In youth we (should) trust…

It’s been said that in youth we learn; in age we understand. When we think about some of the mistakes that we may have made in our ‘misspent’ youth, it’s easy to fathom how such a conclusion is reached.

But isn’t that the great thing about youth?

It’s that power to be naive and adventurous, to make mistakes and learn from them. To pick yourself up after a perceived — or even a real — ‘failure’. As the business world develops, it is this sentiment, which moves us forward. More than the ‘traditional’ conservative approach of those considered more experienced. That’s why in my humble opinion, youthful exuberance should reign supreme. The mantra is ‘in youth we trust’.
And that was one of my key takeaways from the recent G20 Young Entrepreneurs Alliance Summit in Berlin, which took place from June 15–16.

Backed by the Alliance’s knowledge partners

Backed by the Alliance’s knowledge partners, Accenture and EY, this year’s event — my 10th overall — focused on four digital trends:

The YEA’s press release laid things out plainly.

“The G20 Young Entrepreneurs’ Alliance (YEA) is concerned that youth across the world lack the knowledge and skills vital for new technological and business realities. Including digital competencies, STEM education, and venture creation skills.”

Carsten Lexa, the newly-appointed chair of the G20 YEA’s steering committee, elaborated:

“The rapid process of digitalization requires world governments to enact new policies immediately”

she said, addressing 400 of the world’s top young entrepreneurs.

“Digitalization disrupts business all around the world. To ensure growth and job creation, young entrepreneurs need a political framework that supports a transition to new forms of entrepreneurship. We need G20 governments to adopt proactive measures that address the challenges of an interconnected world.”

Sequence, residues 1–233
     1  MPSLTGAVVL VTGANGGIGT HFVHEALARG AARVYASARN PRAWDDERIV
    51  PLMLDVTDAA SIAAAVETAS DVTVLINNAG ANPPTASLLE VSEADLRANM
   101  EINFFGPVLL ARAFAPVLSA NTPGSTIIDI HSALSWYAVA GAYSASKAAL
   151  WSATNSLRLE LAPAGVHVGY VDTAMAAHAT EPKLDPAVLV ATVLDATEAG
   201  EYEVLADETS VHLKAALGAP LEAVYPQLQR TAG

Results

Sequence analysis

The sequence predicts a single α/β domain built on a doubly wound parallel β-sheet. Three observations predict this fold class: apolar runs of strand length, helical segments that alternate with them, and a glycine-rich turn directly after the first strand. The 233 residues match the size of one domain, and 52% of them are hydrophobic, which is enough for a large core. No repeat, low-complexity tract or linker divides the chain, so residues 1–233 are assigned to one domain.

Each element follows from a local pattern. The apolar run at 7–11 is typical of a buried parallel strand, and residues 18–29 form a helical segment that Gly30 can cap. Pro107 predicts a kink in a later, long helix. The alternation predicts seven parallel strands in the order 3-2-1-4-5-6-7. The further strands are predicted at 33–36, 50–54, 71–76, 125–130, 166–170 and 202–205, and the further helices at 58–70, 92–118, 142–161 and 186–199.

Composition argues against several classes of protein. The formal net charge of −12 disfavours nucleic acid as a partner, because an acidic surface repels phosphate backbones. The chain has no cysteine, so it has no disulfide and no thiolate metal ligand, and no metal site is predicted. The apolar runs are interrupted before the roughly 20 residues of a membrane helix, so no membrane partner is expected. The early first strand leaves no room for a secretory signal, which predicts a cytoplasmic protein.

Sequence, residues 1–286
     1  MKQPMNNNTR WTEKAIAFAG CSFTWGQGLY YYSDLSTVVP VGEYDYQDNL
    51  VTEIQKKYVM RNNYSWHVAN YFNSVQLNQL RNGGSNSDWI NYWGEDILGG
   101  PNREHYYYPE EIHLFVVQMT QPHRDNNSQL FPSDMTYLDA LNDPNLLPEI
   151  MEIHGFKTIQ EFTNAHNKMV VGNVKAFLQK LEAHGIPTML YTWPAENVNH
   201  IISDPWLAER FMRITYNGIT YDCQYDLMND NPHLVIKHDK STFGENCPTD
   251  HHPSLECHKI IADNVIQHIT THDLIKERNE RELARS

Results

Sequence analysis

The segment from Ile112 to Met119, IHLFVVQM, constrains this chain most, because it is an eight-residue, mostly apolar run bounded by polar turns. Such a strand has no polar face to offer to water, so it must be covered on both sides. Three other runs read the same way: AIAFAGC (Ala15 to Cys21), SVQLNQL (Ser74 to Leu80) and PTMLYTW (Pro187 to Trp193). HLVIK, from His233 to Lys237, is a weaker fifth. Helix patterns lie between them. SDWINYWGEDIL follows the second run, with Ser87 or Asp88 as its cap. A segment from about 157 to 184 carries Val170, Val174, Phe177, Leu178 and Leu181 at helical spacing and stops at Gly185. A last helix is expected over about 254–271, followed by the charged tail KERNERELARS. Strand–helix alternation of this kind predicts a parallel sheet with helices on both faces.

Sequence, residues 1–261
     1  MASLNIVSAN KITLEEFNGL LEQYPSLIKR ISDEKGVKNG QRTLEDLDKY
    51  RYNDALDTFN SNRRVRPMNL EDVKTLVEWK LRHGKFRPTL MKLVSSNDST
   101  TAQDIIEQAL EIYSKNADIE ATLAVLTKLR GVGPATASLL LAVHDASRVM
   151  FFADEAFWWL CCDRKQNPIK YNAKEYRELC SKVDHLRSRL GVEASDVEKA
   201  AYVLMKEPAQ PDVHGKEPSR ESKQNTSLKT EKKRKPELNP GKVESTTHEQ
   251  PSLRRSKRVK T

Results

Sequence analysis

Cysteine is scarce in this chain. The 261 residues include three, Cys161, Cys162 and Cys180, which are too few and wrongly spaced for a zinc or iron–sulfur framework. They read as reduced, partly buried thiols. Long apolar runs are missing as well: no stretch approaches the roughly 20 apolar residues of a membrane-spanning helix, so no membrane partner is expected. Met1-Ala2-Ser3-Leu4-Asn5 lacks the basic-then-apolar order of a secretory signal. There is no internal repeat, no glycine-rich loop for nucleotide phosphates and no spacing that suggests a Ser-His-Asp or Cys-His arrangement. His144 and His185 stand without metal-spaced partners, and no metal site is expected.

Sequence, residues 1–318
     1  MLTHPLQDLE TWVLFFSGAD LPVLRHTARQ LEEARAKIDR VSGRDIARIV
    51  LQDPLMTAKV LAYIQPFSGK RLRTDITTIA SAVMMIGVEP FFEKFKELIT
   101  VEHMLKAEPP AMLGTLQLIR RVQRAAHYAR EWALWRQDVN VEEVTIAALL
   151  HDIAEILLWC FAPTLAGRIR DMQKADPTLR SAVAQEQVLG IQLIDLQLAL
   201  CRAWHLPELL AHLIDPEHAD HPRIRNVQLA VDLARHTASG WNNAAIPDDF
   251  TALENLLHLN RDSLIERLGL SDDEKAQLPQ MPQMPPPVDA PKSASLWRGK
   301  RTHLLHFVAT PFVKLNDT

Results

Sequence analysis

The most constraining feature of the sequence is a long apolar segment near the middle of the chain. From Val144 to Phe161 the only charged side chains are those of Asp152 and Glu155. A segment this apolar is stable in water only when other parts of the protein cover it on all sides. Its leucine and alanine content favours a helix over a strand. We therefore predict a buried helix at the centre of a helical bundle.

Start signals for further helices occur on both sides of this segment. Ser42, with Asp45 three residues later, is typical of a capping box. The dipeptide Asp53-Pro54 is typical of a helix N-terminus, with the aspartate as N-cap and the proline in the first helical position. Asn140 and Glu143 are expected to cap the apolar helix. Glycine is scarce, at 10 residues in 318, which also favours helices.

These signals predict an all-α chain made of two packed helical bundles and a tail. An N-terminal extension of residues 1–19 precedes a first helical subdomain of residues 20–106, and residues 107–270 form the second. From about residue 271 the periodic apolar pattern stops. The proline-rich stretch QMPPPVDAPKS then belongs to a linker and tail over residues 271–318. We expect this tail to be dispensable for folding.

Hear hear

It’s true that in fact most of the world’s economies lack the policy framework necessary to support a successful transformation to a digital economy. This poses significant challenges to future growth, as well as innovation.

What’s more, governments’ need to grasp the fact that it is the small and medium enterprises (SME’s) that are the lifeblood of the present and the future. They are the main job creators in G20 economies. Young entrepreneurs represent a dynamic source of growth and innovation in our countries. At the same time, they also play an important role in mitigating social risks of the global economy.
Innovation in education, free movement, and tax relief.

In their communiqué, the group made three specific recommendations

The need to prioritize education and find adaptable and pragmatic mechanisms of education and its development. That’s the key to identifying smart solutions to new technical, societal, economic and environmental realities.

Also, to enable SMEs to scale through tax incentives for scale-ups and investors. How? By adopting progressive policy measures. Like a separate tax category for young entrepreneurs working in priority areas. Such as those of innovation and social entrepreneurship.

Thirdly, young entrepreneurs called upon the G20 leaders to establish a G20 Entrepreneur Visa Program. As a result, this will provide short-term multi-entry visas and administrative simplification for young entrepreneurs by 2020.

The above priorities are particularly relevant for us at Starttech. We know that many entrepreneurs face these challenges. Especially in Greece. We’re constantly seeking dialogue with our government and other partners, to address them.

Our challenge

Therefore, our challenge is to continue to lobby for such change. And get governments and business communities to listen when the world’s entrepreneurial youth speak. In the world of entrepreneurship, as well as the digital global economy, youth is clearly not wasted on the young.

Originally published on the Starttech Ventures blog.